Alan Olsen: What causes the blindness from the diabetes?
Ankur Gupta: With it without, I think getting too technical. Generally we know diabetes to be something that has high sugar in our blood. And that affects various organs in various ways. You may be familiar that it affects to your kidneys, it can affect your nerves and your feet. In the same way, it actually affects the blood vessels in your eye. And when your any organ doesn’t have blood, it starts to get damaged or rot or die in various ways. And that’s actually what’s happening in the back of your eye, which is also fed by very, very small blood vessels. And so for the sugar to be high there can cause these complications and it silently takes your vision from you. It’s not something people know to expect or if they do, they’re in the minority of people who actually are able to go see an eye doctor an eye specialist once a year, which is the recommendation, the vast majority of people don’t have access to that or can’t take a full day off work, or are even situationally aware that this is something that requires annual attention. So that’s something that I viewed as a very large unmet problem that we could potentially address.
Alan Olsen: Is diabetes as a whole? Is it more concentrated in this country due to diet than other third world countries? Or is it pretty much across the world?
Ankur Gupta: I think at this point, based on the epidemiological studies that I’ve seen, it’s pretty categorically affecting the whole planet. I think initially, if you watch enough netflix documentaries, it’s something that was largely stemming from the Western diet or processed foods. And as that becomes more and more pervasive, the diabetic epidemic would generally follow suit. But that’s not a Exactly what I went to school for. So I can tell you with authority there, but certainly seems to be the case that wherever the western diet becomes more prevalent diabetes follows.
Alan Olsen: The problem is pretty clear, yet 30 million people are losing their eyesight due to diabetes. And do you feel that the medical industry is on the cusp of bringing some type of solution to turn that around?
Ankur Gupta: So, yes and no, in that we have really expensive medicines that we would otherwise inject into your eyeball to prevent that blindness from happening as eye surgeons, but not a lot of people have the wherewithal to afford that or the access to an eye doctor to have that done. And so that’s sort of like a band aid is kind of after the fact what we’re trying to do is identify these people before that blindness even happens and kind of keep them stable at 2020 vision. And so there are medicines to treat it but it’s a that’s a very it’s a very expensive route. It’s much more cost effective for a health care system who we were targeting. To address this before becomes a problem.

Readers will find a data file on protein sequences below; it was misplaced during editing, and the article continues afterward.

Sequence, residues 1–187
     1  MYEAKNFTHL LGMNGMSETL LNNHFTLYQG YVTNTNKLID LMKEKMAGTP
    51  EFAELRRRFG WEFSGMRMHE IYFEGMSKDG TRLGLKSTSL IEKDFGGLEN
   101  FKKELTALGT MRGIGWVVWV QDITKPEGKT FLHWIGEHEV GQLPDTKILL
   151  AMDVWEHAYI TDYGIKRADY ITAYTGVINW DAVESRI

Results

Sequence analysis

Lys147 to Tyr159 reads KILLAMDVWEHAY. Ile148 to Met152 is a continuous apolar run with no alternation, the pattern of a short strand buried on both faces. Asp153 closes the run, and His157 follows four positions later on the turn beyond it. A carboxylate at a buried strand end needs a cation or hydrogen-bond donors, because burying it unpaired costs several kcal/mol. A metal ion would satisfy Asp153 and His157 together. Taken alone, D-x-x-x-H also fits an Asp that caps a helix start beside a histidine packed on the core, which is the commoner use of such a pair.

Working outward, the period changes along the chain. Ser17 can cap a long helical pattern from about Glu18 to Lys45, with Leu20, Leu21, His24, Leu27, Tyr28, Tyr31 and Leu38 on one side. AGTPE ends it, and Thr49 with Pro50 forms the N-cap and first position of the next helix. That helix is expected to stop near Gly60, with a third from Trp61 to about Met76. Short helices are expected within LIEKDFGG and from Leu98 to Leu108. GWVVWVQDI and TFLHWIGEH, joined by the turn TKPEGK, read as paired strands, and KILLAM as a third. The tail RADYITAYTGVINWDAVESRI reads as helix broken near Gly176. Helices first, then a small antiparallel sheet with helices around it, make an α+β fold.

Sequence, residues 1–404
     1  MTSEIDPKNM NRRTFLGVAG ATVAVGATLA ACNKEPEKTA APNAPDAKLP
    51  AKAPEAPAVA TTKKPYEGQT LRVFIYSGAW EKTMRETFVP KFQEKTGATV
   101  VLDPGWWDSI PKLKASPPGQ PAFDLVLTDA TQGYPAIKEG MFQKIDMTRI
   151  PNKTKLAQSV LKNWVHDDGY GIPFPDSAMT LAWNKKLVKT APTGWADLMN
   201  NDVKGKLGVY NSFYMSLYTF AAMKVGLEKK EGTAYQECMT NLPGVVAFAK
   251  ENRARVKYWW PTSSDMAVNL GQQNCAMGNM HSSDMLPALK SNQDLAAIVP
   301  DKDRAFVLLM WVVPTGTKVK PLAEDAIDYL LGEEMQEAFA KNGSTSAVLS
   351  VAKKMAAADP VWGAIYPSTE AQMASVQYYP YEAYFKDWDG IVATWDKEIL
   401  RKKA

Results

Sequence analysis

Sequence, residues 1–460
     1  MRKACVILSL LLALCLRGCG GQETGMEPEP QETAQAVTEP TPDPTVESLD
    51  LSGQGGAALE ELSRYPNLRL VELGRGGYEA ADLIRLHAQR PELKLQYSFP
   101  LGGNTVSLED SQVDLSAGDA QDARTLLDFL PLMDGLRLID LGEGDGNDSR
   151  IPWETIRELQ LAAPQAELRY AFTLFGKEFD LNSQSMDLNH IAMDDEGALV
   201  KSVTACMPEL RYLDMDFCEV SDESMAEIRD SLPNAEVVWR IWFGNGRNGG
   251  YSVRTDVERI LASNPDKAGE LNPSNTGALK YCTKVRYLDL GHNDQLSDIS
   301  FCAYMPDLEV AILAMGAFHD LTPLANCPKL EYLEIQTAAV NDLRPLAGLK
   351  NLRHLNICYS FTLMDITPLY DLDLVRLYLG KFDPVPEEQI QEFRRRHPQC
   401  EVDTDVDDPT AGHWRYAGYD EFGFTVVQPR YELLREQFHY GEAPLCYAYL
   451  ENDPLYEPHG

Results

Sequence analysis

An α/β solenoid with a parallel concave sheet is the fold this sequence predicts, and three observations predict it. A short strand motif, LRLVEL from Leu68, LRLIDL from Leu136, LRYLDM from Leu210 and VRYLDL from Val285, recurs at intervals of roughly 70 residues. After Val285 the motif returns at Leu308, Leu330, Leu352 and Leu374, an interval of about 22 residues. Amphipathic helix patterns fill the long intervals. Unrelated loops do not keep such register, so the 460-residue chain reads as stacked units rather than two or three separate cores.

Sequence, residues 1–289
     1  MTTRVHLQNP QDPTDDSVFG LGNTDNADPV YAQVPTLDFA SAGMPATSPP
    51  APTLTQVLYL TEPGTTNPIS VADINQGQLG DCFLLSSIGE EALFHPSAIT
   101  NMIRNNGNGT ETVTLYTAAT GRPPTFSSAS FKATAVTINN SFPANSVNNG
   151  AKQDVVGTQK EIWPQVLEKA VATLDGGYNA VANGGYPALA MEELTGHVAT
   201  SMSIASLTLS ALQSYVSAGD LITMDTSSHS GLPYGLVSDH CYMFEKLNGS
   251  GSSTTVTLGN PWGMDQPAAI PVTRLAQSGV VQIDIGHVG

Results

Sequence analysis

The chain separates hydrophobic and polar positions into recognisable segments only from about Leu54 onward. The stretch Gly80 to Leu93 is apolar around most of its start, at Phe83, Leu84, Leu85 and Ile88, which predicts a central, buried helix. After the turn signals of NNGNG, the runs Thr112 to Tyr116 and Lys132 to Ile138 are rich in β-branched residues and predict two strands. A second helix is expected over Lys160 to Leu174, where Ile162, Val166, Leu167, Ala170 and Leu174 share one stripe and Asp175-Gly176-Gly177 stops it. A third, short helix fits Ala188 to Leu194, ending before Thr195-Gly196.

Alan Olsen: When you’re, when you went through your medical training, and then later on to the Oh, by the way, I want to I wanted to do a footnote here. There’s something really neat, huge over in India, in the industry and medical industry and what was that?
Ankur Gupta: Sure, yeah. So when I was in college, at Stanford, the emergency department was working on a way to take what we consider sort of routine standard care, which is when we dial 911 a paramedic shows up. In India there was no such concept or infrastructure. At best they if you were to dial the equivalent phone number in India, a 2000 pound steel box with wheels would show up but the personnel there only knew how to put you in a stretcher and bring you back. And so being a part of the design of an educational curriculum in a country without any notion of paramedic care or prehospital care, and train them on becoming proficient in some of the basic maneuvers on how to save your life, if you had lost a limb or had a heart attack or a car accident or something like that… It was something that I was privy to and part of and so designing curricula for healthcare workers abroad in order for them to then further teach that curriculum to others. It was more of a teach the teachers model so that now over 100,000, paramedics have been trained with our curriculum. countless numbers of lives I would assume have been saved in the field meaning in, you know, in the middle of traffic or in middle people’s homes, places where previously at best again, a stretcher would come and you would cross your fingers and hope that you still were alive by the time you got to the hospital. In this case, we can actually do a lot that life saving intervention on route.
Alan Olsen: Wow, excellent. So you’re, you’re truly a pioneer in that country, although you’re your silent pioneer because you you get the credibility in the voice that it deserves for all the lives that you’ve saved. So with that process, but let me switch back into guy Thank you. You know, and I think you’re doing so many neat things here with with science and the research and development I you know, there’s a lot of people are I surgeons, but few people actually going to identifying the problem and preventative medicine or how do we, how do we turn this around so you know, when you’re looking at the The condition of the world today of looking at the problem, what do you see as a solution to? How would you go about solving the problem of diabetes or, or in a way, you know, looking at five to 10 years down the road, what we should do to be in a better place?